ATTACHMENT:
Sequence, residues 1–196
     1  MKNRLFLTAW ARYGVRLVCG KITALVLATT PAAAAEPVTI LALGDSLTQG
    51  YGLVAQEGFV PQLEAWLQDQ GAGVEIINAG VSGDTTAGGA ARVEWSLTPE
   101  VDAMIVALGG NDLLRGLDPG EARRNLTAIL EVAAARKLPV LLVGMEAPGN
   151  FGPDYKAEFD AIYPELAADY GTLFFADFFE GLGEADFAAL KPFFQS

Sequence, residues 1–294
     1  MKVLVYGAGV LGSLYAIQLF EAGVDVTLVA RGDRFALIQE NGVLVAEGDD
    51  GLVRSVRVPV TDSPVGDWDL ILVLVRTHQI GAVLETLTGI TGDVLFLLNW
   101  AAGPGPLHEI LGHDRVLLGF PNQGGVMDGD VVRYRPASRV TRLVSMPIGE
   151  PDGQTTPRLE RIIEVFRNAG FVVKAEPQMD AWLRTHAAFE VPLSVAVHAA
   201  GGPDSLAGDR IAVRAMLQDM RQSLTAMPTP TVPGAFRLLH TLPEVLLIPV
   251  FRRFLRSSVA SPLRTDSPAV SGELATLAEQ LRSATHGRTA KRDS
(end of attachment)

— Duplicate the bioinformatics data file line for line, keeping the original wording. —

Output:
Sequence, residues 1–196
     1  MKNRLFLTAW ARYGVRLVCG KITALVLATT PAAAAEPVTI LALGDSLTQG
    51  YGLVAQEGFV PQLEAWLQDQ GAGVEIINAG VSGDTTAGGA ARVEWSLTPE
   101  VDAMIVALGG NDLLRGLDPG EARRNLTAIL EVAAARKLPV LLVGMEAPGN
   151  FGPDYKAEFD AIYPELAADY GTLFFADFFE GLGEADFAAL KPFFQS

Sequence, residues 1–294
     1  MKVLVYGAGV LGSLYAIQLF EAGVDVTLVA RGDRFALIQE NGVLVAEGDD
    51  GLVRSVRVPV TDSPVGDWDL ILVLVRTHQI GAVLETLTGI TGDVLFLLNW
   101  AAGPGPLHEI LGHDRVLLGF PNQGGVMDGD VVRYRPASRV TRLVSMPIGE
   151  PDGQTTPRLE RIIEVFRNAG FVVKAEPQMD AWLRTHAAFE VPLSVAVHAA
   201  GGPDSLAGDR IAVRAMLQDM RQSLTAMPTP TVPGAFRLLH TLPEVLLIPV
   251  FRRFLRSSVA SPLRTDSPAV SGELATLAEQ LRSATHGRTA KRDS